Trends in gastrostomy tube placement with concomitant Nissen fundoplication for infants and young children at Pediatric Tertiary Centers

Megan E. Bouchard*, Danielle Howard Stewart, Matt Hall, Benjamin T. Many, Jonathan C. Vacek, Steven Papastefan, Kyle Van Arendonk, Fizan Abdullah, Seth D. Goldstein

*Corresponding author for this work

Research output: Contribution to journalArticlepeer-review

1 Scopus citations

Abstract

Purpose: In infants and toddlers, gastrostomy tube placement (GT) is typically accompanied by consideration of concomitant Nissen fundoplication (NF). Historically, rates of NF have varied across providers and institutions. This study examines practice variation and longitudinal trends in NF at pediatric tertiary centers. Methods: Patients ≤ 2 years who underwent GT between 2008 and 2018 were identified in the Pediatric Health Information System database. Patient demographics and rates of NF were examined. Descriptive statistics were used to evaluate the variation in the proportion of GT with NF at each hospital, by volume and over time. Results: 40,348 patients were identified across 40 hospitals. Most patients were male (53.8%), non-Hispanic white (49.5%) and publicly-insured (60.4%). Rates of NF by hospital varied significantly from 4.2 to 75.2% (p < 0.001), though were not associated with geographic region (p = 0.088). Rates of NF decreased from 42.8% in 2008 to 14.2% in 2018, with a mean annual rate of change of − 3.07% (95% CI − 3.53, − 2.61). This trend remained when stratifying hospitals into volume quartiles. Conclusion: There is significant practice variation in performing NF. Regardless of volume, the rate of NF is also decreasing. Objective NF outcome measurements are needed to standardize the management of long-term enteral access in this population.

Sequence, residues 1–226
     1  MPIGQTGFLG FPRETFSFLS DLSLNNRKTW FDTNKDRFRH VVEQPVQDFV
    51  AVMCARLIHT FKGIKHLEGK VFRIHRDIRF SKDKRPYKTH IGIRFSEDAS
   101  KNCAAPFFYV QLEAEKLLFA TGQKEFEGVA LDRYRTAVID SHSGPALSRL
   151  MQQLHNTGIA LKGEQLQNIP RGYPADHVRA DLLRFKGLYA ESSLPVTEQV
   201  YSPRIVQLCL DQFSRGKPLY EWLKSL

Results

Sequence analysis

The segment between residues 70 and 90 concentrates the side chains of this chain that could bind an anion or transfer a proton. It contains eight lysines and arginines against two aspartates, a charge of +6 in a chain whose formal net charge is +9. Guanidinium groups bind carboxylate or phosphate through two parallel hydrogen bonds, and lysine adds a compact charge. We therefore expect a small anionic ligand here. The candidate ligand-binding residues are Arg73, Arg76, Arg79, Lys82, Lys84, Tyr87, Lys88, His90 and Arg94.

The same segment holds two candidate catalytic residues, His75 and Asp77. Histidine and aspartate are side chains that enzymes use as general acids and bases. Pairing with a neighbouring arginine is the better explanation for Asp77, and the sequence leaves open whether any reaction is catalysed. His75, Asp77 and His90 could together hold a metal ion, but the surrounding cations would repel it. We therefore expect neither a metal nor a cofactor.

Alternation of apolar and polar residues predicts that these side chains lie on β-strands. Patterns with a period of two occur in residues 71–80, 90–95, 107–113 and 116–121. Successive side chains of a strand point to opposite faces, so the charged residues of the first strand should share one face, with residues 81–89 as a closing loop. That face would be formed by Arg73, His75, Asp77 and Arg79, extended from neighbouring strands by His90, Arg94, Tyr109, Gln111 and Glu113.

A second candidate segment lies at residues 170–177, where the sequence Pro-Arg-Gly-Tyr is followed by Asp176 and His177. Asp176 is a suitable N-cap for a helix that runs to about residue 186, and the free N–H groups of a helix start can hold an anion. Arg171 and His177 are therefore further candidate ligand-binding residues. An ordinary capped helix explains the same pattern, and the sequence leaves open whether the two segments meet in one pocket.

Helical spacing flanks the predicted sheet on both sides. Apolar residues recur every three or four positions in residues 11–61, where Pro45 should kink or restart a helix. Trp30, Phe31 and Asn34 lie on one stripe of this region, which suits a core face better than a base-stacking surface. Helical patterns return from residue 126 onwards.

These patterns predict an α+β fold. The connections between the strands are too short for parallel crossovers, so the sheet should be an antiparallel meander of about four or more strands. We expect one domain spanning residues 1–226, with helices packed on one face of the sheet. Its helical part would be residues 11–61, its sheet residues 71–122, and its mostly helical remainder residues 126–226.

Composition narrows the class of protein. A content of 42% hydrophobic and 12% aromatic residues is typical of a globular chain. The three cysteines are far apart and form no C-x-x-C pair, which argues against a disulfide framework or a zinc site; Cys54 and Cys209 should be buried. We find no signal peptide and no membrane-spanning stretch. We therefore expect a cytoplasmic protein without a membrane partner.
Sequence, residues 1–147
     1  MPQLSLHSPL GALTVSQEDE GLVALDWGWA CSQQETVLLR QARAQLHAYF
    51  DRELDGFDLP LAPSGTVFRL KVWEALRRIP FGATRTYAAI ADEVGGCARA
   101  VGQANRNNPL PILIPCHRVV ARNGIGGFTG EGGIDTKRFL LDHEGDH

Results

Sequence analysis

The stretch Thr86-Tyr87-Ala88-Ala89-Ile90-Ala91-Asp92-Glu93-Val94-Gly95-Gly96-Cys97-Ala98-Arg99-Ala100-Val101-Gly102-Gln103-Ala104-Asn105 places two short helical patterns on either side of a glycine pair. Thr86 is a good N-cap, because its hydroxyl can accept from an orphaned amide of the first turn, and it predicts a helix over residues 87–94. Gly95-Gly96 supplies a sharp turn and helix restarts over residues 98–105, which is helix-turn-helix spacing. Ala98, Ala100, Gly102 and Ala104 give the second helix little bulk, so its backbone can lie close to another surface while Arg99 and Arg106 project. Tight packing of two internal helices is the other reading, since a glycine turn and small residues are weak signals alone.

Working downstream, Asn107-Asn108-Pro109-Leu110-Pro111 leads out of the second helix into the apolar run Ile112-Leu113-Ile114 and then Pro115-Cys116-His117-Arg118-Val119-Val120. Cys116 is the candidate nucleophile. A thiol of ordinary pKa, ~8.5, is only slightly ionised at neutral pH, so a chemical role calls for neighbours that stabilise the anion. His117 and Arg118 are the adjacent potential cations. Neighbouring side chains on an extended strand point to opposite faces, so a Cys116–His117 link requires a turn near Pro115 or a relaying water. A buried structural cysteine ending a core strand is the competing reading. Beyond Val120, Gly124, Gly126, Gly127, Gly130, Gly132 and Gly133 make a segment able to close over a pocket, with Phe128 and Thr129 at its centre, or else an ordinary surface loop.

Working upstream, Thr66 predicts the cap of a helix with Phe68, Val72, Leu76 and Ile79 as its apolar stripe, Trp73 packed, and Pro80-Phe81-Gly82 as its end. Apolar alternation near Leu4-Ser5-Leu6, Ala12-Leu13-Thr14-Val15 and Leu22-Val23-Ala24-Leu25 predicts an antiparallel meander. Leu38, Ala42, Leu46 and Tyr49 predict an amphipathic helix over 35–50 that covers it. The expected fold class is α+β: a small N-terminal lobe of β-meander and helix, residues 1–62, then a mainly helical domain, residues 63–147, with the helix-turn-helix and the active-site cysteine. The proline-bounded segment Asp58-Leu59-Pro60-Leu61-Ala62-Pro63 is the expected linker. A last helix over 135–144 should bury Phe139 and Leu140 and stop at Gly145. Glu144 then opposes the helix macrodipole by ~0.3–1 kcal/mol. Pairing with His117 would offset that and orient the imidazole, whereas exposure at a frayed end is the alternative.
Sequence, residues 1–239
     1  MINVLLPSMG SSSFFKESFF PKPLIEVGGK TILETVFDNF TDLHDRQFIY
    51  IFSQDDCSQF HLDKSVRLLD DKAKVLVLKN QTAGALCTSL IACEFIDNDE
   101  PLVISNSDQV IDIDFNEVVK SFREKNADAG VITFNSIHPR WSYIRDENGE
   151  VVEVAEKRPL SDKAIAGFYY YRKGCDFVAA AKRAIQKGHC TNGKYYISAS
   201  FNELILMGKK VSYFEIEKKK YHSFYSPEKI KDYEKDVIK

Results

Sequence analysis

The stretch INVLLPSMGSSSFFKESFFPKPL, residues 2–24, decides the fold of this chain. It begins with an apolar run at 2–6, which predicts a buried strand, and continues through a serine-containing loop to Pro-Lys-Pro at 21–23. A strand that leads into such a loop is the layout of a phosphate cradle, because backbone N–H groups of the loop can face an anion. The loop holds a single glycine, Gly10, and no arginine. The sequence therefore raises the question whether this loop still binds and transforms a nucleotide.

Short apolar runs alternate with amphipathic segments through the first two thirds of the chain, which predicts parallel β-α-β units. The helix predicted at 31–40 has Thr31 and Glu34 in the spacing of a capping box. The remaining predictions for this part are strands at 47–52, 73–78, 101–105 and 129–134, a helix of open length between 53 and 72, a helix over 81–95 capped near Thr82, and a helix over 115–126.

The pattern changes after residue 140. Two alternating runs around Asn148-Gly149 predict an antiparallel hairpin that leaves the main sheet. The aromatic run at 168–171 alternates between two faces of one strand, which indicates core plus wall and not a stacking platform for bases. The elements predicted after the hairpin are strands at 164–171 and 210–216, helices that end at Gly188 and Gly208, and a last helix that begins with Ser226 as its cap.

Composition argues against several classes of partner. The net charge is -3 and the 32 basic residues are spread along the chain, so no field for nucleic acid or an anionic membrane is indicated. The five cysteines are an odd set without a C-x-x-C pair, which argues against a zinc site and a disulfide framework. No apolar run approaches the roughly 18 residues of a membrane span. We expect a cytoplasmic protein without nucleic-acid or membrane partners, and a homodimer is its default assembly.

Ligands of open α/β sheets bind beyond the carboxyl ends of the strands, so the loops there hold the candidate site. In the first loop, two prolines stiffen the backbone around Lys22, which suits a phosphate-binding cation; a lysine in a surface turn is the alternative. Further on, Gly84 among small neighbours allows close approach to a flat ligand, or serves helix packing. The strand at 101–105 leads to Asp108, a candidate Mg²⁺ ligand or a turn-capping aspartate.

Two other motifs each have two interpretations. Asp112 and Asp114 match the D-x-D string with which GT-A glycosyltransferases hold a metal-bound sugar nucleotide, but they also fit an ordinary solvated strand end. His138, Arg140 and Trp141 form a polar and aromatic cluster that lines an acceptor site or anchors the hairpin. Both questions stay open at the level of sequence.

Original languageEnglish (US)
Pages (from-to)617-625
Number of pages9
JournalPediatric Surgery International
Volume37
Issue number5
DOIs
StatePublished - May 2021

Keywords

  • Gastrostomy tube
  • Infants and young children
  • Nissen fundoplication
  • Practice variation

ASJC Scopus subject areas

  • Pediatrics, Perinatology, and Child Health
  • Surgery

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